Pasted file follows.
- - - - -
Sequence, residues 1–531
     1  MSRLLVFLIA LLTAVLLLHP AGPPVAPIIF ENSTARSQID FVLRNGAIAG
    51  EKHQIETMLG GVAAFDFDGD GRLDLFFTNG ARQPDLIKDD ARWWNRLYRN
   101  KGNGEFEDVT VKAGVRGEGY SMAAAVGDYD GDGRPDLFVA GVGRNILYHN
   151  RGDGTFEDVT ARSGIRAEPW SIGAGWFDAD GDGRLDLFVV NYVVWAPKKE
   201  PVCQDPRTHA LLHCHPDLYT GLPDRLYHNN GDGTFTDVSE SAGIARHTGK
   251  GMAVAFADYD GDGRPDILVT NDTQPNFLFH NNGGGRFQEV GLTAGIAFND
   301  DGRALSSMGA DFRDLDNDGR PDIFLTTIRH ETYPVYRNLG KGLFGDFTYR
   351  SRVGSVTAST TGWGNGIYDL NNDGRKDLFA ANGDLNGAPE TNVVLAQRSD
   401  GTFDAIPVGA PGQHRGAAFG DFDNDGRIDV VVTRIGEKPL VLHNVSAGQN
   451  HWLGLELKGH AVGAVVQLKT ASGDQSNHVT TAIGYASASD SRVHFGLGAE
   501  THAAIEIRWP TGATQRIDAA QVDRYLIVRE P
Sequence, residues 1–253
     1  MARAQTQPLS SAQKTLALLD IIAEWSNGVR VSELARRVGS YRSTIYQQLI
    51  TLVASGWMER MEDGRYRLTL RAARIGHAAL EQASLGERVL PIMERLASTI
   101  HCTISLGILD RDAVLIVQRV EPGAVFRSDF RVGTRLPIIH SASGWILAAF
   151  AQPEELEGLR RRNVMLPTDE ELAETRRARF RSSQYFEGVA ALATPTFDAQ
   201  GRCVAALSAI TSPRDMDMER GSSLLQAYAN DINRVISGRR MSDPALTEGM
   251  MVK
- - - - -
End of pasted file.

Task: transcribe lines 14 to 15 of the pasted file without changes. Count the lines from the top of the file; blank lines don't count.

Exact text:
     1  MARAQTQPLS SAQKTLALLD IIAEWSNGVR VSELARRVGS YRSTIYQQLI
    51  TLVASGWMER MEDGRYRLTL RAARIGHAAL EQASLGERVL PIMERLASTI